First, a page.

Auxiliary verbs

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Related to Auxiliary verbs: modal verbs
(Gram.) See Auxiliary, n., 3.

See also: Auxiliary

Webster's Revised Unabridged Dictionary, published 1913 by G. & C. Merriam Co.
References in classic literature ?
He - probably swayed by prudential consideration of the folly of offending a good tenant - relaxed a little in the laconic style of chipping off his pronouns and auxiliary verbs, and introduced what he supposed would be a subject of interest to me, - a discourse on the advantages and disadvantages of my present place of retirement.
." so ran the questions, considerably devoid of auxiliary verbs and such details of construction.
As for auxiliary verbs, 45 percent of students were unable to express "Can you open the box?"
Go with either "You'll both receive" or "Both of you will receive" (if you want to avoid splitting your main and auxiliary verbs) but never "You'll both will receive."
The fourth rule is that auxiliary verbs usually take the present form of the principal verb except for the auxiliary verbs "to have "and "to be."
Moreover, in order to perform statistically a factor analysis for frequencies of particles and auxiliary verbs, all Japanese literature texts in BCCWJ speaker information corpus have been utilised.
High self-verifiers use more 'function words' (prepositions, pronouns, auxiliary verbs) which reflects how fluidly an individual speaks, as well as more 'seeing words' (such as 'look', 'see', 'view')."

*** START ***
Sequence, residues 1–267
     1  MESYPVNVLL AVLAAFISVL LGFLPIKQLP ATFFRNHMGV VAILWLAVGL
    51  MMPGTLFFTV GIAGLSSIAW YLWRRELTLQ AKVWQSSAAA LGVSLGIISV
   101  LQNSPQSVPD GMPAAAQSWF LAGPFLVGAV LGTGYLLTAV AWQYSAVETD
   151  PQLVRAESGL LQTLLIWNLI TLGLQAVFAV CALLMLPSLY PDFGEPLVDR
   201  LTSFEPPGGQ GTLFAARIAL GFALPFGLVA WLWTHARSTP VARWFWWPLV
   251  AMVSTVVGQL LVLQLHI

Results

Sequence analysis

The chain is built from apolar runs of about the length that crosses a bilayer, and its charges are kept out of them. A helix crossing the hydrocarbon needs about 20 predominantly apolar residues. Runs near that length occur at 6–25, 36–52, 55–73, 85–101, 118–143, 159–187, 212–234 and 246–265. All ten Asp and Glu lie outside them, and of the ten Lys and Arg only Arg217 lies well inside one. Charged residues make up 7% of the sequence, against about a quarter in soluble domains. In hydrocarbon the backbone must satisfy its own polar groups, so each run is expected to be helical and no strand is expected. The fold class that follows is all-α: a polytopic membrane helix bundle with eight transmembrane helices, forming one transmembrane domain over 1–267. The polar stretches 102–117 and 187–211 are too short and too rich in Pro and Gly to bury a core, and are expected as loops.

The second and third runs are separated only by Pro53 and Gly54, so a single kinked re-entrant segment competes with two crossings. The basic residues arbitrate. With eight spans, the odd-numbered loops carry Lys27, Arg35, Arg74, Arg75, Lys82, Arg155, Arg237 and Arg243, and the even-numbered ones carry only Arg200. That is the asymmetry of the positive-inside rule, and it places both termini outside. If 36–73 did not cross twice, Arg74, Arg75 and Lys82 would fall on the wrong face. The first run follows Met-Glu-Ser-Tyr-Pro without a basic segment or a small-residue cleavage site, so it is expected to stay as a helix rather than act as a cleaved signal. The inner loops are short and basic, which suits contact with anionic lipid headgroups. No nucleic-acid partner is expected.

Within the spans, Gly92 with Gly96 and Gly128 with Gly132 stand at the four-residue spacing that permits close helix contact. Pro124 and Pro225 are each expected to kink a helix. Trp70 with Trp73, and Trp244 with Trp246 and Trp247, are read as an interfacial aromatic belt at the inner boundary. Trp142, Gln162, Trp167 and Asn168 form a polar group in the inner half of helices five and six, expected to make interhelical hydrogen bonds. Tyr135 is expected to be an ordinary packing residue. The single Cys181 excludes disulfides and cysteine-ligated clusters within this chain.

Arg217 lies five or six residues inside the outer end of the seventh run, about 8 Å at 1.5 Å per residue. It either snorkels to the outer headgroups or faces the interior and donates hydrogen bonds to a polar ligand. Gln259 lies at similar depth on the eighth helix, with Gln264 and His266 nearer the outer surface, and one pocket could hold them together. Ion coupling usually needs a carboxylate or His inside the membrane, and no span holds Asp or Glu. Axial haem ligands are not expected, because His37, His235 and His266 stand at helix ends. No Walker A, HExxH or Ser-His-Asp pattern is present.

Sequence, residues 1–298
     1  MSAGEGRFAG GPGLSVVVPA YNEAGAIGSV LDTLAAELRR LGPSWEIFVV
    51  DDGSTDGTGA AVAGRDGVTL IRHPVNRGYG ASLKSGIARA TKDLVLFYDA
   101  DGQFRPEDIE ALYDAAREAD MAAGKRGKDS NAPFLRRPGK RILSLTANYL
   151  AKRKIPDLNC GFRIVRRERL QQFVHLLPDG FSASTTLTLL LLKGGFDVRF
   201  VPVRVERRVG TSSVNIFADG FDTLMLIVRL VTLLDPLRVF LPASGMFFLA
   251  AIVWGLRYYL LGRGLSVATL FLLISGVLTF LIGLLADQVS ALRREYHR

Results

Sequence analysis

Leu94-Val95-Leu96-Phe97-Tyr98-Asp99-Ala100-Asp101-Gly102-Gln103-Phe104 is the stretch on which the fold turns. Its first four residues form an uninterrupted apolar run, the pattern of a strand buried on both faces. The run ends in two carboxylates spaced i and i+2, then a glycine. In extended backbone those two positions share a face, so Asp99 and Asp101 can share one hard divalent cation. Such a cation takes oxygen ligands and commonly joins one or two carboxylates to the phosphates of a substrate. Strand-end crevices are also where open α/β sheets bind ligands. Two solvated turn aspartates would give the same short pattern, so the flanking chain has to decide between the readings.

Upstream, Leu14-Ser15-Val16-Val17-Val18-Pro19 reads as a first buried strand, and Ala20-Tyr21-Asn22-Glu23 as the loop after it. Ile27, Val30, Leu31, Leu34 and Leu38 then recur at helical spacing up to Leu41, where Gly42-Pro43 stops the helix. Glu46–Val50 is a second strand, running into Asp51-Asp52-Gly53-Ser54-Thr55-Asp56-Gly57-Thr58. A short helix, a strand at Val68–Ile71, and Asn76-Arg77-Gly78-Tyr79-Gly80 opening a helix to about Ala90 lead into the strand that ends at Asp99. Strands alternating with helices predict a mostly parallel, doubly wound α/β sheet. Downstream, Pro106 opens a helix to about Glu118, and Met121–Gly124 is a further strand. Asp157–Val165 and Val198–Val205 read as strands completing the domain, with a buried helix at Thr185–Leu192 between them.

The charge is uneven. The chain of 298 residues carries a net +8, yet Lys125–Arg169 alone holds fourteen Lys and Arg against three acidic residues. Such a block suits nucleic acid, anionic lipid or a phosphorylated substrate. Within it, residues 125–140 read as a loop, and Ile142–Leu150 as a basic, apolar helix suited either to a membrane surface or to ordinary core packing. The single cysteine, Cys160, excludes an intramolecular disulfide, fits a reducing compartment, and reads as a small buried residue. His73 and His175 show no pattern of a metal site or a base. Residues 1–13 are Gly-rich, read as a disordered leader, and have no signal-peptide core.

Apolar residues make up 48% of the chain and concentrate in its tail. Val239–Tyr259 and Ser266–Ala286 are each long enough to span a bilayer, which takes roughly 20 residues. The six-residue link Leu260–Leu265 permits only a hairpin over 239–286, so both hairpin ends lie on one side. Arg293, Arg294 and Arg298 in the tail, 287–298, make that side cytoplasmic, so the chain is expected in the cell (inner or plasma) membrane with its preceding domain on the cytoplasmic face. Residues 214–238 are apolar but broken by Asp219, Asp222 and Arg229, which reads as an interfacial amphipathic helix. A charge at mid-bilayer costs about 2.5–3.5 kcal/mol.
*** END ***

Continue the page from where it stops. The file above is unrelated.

Presumably, the author of the note has remembered that subjunctives are used in Latin to express potential facts or states of affairs, as English does with modal auxiliary verbs like 'could,' 'would,' or 'may,' but has either forgotten that this is only one of many uses of the subjunctive or simply has not bothered to go look at the passage in Bacon to see how he uses it there.
One example of overgeneralization is the unnecessary addition of auxiliary verbs which is evident from the data provided in Table (v):
In the same way we always use first form after model auxiliary verbs i.e.
She traces the emergence and further development of the Sogdian periphrastic perfect employing the auxiliary verbs "be" and "have," and shows that during its succeeding stages Sogdian traveled along a path of syntactic changes that was previously thought to be specific to the European Sprachbund.
Hebrew lacks a dedicated, grammatically distinct set of auxiliary verbs like English can ~ could, may ~ might, must, shall ~ should, will ~ would, instead relying on predicative operators that are often morphologically anomalous, invariably followed by a verb in the infinitive, e.g., yaxol 'be able to', alul, asuy 'be likely, liable to', carix 'have to, should' (Reilly et al.